1934 Chevy Canopy Express Motorized Blacksmith Shop

We started out here. With a hemi-powered 1935/6 Chevy that was my dad’s daily driver at the time I was born in the early sixties. Even though he’s a “serial restorer” of many beautiful vintage Fords, this Chevy is one that he never opted to take on. Instead it went to auction in 2010 and we ended up with it. What followed next was an epic secret project where husband Rob and son Jordan brought the truck back to life and we surprised my dad with it running; just like it was when he parked it 50-some years ago. Full story here

However, putting the truck back like it was when Dad drove it brought into focus a very big problem with the restoration as it stood. You see, from 1926 to 1936, Chevy built their truck cabs around wood frames. The steel was formed around the wood frame and fastened into place. When the wood rotted, the whole works fell apart. To restore one of these back to original condition is complicated and expensive. But in Rob’s typical “how hard can it be?” fashion, he set about finding the wood kit needed to restore our Chevy’s cab back to stability.

Chevy used steel for their truck frames, but unfortunately they chose wood for the frame of their cabs.

What followed was an extensive search for the wood kit. He soon discovered that these are extremely hard to find. The one guy that he found who is making these was years behind. Enter ebay…

Where he found exactly what he was looking for. But wait, there’s more. Turns out there was a lot more. The fellow who was selling the wood kit had additional ’30s Chevy trucks. And many, many, many parts to go with said trucks. We hooked up the trailer and drove to Potsdam, New York. And basically emptied his garage for him.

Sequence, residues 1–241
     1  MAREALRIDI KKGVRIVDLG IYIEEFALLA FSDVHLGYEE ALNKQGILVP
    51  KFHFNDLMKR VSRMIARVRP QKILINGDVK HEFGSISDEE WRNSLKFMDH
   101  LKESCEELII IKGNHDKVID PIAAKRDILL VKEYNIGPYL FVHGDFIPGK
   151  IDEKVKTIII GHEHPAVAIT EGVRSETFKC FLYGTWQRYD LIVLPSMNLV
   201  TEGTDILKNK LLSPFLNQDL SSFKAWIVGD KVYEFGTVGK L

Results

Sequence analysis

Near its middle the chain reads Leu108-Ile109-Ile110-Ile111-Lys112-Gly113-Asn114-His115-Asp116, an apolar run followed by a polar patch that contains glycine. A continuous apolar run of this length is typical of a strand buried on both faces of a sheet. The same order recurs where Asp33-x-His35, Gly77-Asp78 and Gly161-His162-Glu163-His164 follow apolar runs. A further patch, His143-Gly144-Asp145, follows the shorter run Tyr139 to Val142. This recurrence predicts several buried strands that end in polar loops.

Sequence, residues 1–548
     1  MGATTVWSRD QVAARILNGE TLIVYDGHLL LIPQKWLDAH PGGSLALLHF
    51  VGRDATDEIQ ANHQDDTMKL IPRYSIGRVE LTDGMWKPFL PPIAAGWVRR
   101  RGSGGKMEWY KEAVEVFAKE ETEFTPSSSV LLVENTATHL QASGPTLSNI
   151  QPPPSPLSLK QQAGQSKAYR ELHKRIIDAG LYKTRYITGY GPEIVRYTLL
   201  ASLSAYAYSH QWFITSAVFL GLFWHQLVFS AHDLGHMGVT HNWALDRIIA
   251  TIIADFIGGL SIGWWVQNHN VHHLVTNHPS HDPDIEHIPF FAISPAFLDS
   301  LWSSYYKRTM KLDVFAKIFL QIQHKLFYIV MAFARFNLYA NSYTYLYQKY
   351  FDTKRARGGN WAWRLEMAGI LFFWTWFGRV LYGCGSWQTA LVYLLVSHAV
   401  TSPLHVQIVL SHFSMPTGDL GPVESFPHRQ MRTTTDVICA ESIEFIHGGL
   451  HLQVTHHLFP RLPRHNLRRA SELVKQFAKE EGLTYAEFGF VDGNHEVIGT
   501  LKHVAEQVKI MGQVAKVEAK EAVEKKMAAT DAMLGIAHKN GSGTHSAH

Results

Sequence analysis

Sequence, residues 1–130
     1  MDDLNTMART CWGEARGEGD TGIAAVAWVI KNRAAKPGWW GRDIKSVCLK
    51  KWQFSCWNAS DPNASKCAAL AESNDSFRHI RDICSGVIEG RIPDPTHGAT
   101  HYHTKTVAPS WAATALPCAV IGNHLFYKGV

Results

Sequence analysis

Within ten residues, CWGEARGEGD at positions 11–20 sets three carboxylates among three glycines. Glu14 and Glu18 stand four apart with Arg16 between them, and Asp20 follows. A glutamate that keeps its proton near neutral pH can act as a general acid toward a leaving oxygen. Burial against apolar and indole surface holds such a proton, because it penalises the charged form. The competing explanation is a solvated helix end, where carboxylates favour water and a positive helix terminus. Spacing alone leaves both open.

The Canopy Express was part of the package deal. Of course we were delighted; it’s so dang cool looking, and in pretty good shape, but at the time, we didn’t know anything about them, or how rare they truly are.

In my research, I found this, which describes the purpose of the Canopy Express perfectly: “In the days of the one car family (or no car in the family) the Canopy Express was an extension of the retail stores. Products for sale could be brought to the neighborhoods. The lady of the house could even call the store requesting a delivery. The roll-up canvas sides of the Canopy Express were a natural for displaying groceries and related home merchandise in housing developments while protecting it from bad weather. They were equipped with a 4 speed transmission that gave them a very slow speed in first gear while moving through neighborhoods.
In the beginning of the 20th Century more people were moving from multi-story apartment living into stand alone new homes. This was the beginning of urban spread and stores were no longer just a short walk away.
It was difficult for a housewife with small children to walk to a distant grocery store, especially in bad weather. The Canopy Express was just what the store owner needed to reach his customers. Often a bell was attached to the cab near the driver’s door. This told the housewife that the Canopy Express was coming. The grocery shopping for the family’s evening meal could be done beside the city street.
Neighborhood deliveries were very important to the many stores that served new neighborhoods with individual homes. A Canopy Express was the vehicle of choice among grocers for over 30 years. The end of this type delivering began in the mid 1950’s. With more disposable income in the USA, a second family car became available. Larger supermarkets in shopping areas now successfully encouraged people to shop away from home.”

This ad from April 28, 1934 is upbeat and cheery, but for the most part the mid-thirties were anything but. The country was in depression. Unemployment that year was 22%. Dust storms ruined about 100 million acres and damaged another 200 million acres of cropland in Kansas, Texas, Colorado, and Oklahoma.